Currently based in Cyprus, this module challenges you to integrate a wide variety of analytical skills and develop a detailed understanding of the region's geological history, evolution and structure.

  • Economic Geoscience

    Prepare for entry into employment in the burgeoning economic geology sector. You will take the basic geological training you have received in the first two years and use it in applied contexts associated with petroleum and mineral resources. The module includes lectures, practicals, a three day field course, and student presentations.

Optional modules

Optional modules let you tailor the course to your interests. Please note, the availability of optional modules can vary each trimester. And some modules may require prior study (taking an earlier module, for example).

  • Quaternary: 2 million years of change

    ​This module will take you on a journey through the current Ice Age, which spans the last 2.6 million years. Through lectures, seminars, labs and field days, we will explore the environmental changes that have occurred through this period and the methods for unravelling this.​

  • Professional Consultancy Project

    Work with an external host organisation on a research project designed to be useful to them, while being supervised by university tutors. You'll manage the relationship with the host, while designing and conducting a suitable project.

  • Teaching Project

    Teaching is a popular career choice for Geography, Geology and Biology students. This module provides you with experience of classroom and school environments, providing real world teaching experience and allowing you to conduct a project with a school into an aspect of teaching and learning in your subject.

  • Geotechnologies A: Advanced GIS

    Develop your geospatial analysis and modelling skills with GIS. This will provide you with key expertise when you enter the geographic job market.

  • Advanced Sedimentary Environments

    How do sedimentary environments, from the mudflats of the Humber to the Cambrian sea floor, really work? This module combines classroom, field and lab techniques from geology, geography and ecology to improve your understanding of sedimentary systems.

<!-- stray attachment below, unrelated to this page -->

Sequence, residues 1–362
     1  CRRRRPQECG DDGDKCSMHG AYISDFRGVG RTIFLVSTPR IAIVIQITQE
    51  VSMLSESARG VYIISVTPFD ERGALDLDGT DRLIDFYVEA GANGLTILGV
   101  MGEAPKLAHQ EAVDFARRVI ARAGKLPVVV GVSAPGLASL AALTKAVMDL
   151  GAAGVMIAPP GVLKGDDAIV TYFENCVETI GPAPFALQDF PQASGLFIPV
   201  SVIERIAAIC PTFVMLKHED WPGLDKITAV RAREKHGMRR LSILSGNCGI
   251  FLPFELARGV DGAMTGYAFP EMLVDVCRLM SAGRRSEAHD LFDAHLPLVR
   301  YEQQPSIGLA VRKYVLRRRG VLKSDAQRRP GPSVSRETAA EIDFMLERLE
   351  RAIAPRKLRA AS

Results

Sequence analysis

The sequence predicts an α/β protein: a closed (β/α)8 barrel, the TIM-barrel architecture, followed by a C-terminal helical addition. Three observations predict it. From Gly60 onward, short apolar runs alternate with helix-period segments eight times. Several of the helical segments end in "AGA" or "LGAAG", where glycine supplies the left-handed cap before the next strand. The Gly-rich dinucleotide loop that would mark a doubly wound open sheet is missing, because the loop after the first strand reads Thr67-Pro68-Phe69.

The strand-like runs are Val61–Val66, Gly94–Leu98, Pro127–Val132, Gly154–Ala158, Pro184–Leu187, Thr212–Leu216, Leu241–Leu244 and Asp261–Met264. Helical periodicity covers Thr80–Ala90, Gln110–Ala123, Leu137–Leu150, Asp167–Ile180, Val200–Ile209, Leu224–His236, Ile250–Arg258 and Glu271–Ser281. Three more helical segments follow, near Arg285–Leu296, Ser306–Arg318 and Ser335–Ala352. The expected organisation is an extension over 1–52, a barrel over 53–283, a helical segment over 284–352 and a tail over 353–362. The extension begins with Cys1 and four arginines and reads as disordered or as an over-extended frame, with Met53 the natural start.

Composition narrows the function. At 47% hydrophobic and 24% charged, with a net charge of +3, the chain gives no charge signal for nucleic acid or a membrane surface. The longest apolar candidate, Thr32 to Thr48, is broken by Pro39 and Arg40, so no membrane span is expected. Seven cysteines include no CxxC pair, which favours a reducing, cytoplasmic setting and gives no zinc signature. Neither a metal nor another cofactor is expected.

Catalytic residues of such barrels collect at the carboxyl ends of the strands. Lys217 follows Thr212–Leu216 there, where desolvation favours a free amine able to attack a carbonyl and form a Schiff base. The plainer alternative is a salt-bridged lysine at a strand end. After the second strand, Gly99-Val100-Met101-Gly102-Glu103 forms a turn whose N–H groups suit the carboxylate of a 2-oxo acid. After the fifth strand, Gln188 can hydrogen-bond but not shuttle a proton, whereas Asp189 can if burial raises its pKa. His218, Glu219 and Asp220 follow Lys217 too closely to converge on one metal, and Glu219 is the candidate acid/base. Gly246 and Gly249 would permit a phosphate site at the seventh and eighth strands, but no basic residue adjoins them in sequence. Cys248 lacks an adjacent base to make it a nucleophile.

• Volcanoes and their Hazards

    Explore the key themes and current research-led understanding of volcanological processes and hazards, volcanic monitoring and management of volcanic crises around the world.

  • Frontiers in Geological Research

    The module gives you the opportunity to gain in-depth knowledge on specialised topics within Earth system science, based on current research projects of our staff.

  • Geotechnologies B: Environmental Modelling

    Learn valuable technical and analytical skills, from field-based sampling methods using geo technologies to the principles and applications of numerical and physical environmental modelling.

What do our students do on their field trips? Find out with our up-close-and-personal video filmed in Spain with our second-year students.

Watch the Almeria video

"The sheer amount of choice and the amount of tailoring that you can do with your own degree. That made me want to come here".

Karl Collitt Watch video

More about this course

We focus on practical work in the lab and the field – with specialist modules in geological maps, structures and materials as well as opportunities to tackle real-world problems.

  • The 2018 National Student Survey (HEIs) named us the top 10 UK universities for overall student satisfaction and satisfaction with teaching on our geology courses (both scoring 93%).
  • Strong emphasis on field trips, both in the UK and to destinations such as Spain, Iceland and Cyprus. And all core trips are included in the cost of your tuition.